William Cullen Bryant was one of the first authentic voices of the Romantic Movement in America. At his best, he combined the essential simplicity and emotion of a romantic with careful observation of and allegiance to the world of nature about him. His poems demonstrate this minute observation and this simple care, fashioned into verse that is clear, sometimes moving, and easily communicated.
Bryant was a precocious boy who demonstrated an early interest in politics and literature. In 1808, before he was fourteen years old, his first volume of poetry, THE EMBARGO, OR SKETCHES OF THE TIMES: A SATIRE, was published. “The Embargo,” the principal poem in this volume, was an attack on President Jefferson in which the young poet set down in heroic couplets all the slanderous epithets he had heard his elders use against Jefferson. Bryant’s next poem was “Thanatopsis.” First written in 1811, and published in the North American Review in 1817, it is an instance of genuine precocity. A meditation in blank verse, developing its theme with quiet power and a simple sense of movement, the poem reflects movingly on the spectacle of man going to his death secure in the knowledge that ultimate salvation is his. Avowedly moral in purpose, it became one of the most frequently read poems in American literature.
Bryant never lost his tendency to use poetry as a vehicle for his explicit moral and religious convictions. He felt that poetry should uplift and ennoble; and his work is filled with poems enjoining man to recognize the truths of nature and of God and to live his life in accordance with them. Bryant’s poems indicate that the author felt no shame or self-consciousness in preaching to his fellows. For contemporary readers, however, Bryant is remembered far more for his simple and direct observation of nature than for his moral teaching. Poems like “The Yellow Violet,” “To A Waterfowl” and “To the Fringed Gentian,” verse acute, precise, and unpretentious, seem now to represent Bryant’s highest poetic achievement. The simplicity and ease of stanzas like the following from “To the Fringed Gentian” demonstrate something of the ease and directness of Bryant’s nature poetry:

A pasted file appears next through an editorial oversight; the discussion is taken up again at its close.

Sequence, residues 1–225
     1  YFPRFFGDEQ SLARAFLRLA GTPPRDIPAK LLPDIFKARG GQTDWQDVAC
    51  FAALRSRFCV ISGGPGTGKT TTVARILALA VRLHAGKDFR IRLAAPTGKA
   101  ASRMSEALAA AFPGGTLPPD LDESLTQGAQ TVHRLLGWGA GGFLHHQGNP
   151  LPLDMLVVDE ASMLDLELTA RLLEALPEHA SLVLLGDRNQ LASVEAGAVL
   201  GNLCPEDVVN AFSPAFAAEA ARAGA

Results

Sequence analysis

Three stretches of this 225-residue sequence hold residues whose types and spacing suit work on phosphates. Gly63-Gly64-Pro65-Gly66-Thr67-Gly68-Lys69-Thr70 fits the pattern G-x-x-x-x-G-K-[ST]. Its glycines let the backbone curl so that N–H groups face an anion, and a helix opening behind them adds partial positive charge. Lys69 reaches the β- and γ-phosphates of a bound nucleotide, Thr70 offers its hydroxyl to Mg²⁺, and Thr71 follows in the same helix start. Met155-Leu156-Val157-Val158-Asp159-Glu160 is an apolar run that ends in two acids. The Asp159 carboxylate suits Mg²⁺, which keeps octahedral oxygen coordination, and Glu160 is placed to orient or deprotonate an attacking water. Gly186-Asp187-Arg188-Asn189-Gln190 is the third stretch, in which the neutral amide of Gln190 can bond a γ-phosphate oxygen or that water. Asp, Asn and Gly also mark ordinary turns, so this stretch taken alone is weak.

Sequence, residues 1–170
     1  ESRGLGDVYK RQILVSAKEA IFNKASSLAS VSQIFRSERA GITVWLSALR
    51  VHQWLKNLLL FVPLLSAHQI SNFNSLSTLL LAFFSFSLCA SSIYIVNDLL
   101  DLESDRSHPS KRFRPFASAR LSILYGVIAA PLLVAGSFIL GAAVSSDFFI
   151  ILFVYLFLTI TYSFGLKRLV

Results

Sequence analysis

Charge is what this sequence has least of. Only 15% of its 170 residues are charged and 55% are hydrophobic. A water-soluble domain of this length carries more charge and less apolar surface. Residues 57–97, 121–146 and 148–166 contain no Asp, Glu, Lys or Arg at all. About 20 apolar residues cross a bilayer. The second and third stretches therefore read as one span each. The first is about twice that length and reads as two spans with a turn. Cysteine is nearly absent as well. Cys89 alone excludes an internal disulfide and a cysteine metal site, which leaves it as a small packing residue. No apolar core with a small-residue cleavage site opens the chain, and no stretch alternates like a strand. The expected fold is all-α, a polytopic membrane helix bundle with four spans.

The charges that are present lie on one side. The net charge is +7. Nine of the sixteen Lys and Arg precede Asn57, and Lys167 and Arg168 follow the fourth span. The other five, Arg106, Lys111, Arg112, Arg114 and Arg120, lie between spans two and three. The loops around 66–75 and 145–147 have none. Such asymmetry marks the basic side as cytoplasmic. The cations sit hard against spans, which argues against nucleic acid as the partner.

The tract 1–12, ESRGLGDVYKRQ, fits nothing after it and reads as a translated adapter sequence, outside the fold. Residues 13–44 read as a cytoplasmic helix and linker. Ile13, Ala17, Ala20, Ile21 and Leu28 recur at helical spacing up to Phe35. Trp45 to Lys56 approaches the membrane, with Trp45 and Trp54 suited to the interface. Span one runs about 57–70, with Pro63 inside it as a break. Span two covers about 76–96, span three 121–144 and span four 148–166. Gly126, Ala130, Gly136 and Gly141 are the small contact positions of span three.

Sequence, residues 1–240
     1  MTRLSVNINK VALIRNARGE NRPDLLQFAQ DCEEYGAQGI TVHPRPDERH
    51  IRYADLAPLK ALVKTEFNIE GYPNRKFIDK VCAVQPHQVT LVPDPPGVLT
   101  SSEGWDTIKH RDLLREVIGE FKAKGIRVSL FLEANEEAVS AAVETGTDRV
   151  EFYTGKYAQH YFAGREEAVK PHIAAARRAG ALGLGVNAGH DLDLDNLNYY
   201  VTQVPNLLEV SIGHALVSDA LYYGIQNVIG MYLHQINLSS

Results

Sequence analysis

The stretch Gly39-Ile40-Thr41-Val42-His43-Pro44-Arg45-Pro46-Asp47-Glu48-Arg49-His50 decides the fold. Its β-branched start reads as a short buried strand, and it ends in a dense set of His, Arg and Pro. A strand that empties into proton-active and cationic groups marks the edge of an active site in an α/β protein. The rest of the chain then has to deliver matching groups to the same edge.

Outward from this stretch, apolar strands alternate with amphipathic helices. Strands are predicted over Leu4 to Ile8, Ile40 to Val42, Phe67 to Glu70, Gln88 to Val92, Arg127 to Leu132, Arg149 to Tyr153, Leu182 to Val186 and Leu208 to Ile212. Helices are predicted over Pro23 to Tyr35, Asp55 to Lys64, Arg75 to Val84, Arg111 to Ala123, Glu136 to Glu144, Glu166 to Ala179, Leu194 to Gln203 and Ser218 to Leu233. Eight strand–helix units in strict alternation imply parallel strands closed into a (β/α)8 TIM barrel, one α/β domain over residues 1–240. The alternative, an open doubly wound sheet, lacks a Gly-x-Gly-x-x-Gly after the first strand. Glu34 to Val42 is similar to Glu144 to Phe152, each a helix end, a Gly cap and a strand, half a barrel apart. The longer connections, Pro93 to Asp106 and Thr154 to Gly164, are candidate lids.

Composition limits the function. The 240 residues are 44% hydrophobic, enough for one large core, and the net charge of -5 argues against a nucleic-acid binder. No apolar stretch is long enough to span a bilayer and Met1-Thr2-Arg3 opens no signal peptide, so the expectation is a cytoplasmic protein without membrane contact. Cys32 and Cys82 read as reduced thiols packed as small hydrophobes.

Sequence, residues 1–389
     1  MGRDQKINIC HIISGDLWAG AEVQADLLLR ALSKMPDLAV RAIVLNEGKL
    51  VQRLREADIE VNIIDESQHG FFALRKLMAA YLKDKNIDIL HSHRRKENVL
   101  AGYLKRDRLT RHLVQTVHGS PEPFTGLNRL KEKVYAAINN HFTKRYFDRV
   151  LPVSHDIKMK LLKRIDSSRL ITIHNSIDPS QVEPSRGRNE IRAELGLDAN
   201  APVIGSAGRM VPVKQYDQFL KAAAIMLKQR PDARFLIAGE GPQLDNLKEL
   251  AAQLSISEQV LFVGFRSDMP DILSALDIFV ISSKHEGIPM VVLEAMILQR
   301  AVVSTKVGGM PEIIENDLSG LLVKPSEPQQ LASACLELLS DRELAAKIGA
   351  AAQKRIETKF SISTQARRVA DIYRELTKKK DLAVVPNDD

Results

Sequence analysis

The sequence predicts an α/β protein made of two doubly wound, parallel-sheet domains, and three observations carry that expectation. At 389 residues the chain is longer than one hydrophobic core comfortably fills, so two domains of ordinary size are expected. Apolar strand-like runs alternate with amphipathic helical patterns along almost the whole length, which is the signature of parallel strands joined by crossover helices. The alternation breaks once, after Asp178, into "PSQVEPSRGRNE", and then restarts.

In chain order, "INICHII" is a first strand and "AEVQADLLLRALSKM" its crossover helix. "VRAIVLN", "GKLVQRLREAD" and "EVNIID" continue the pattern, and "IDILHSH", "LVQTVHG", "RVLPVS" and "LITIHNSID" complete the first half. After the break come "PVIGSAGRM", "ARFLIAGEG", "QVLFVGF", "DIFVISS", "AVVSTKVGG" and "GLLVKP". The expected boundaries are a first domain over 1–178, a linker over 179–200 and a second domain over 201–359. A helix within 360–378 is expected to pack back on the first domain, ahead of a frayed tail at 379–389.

Thou comest not when violets leanO’er wandering brooks and springsunseen,Or columbines, in purple dressed,Nod o’er the ground-bird’s hidden nest
Bryant is often thought of as the American Wordsworth, the Nature Poet extraordinary. Like Wordsworth, he could be didactic in his moral certainty, direct and simple in his treatment of nature. If Bryant’s best work has not the power and the simple force of Wordsworth at his best, neither does Bryant have long sections of poems as completely prosaic and undistinguished as sections of THE PRELUDE.
Bryant wrote in a variety of stanza forms. Although he often used blank verse, he also frequently wrote his nature poems in simple quatrains. He also attempted other stanza forms; in fact, he experimented, at one time or another, with most of the forms regularly used in English poetry. An early poem, “The Ages,” written for delivery before the Phi Beta Kappa Society at Harvard in 1821, was written in the nine-line Spenserian stanza; other poems...
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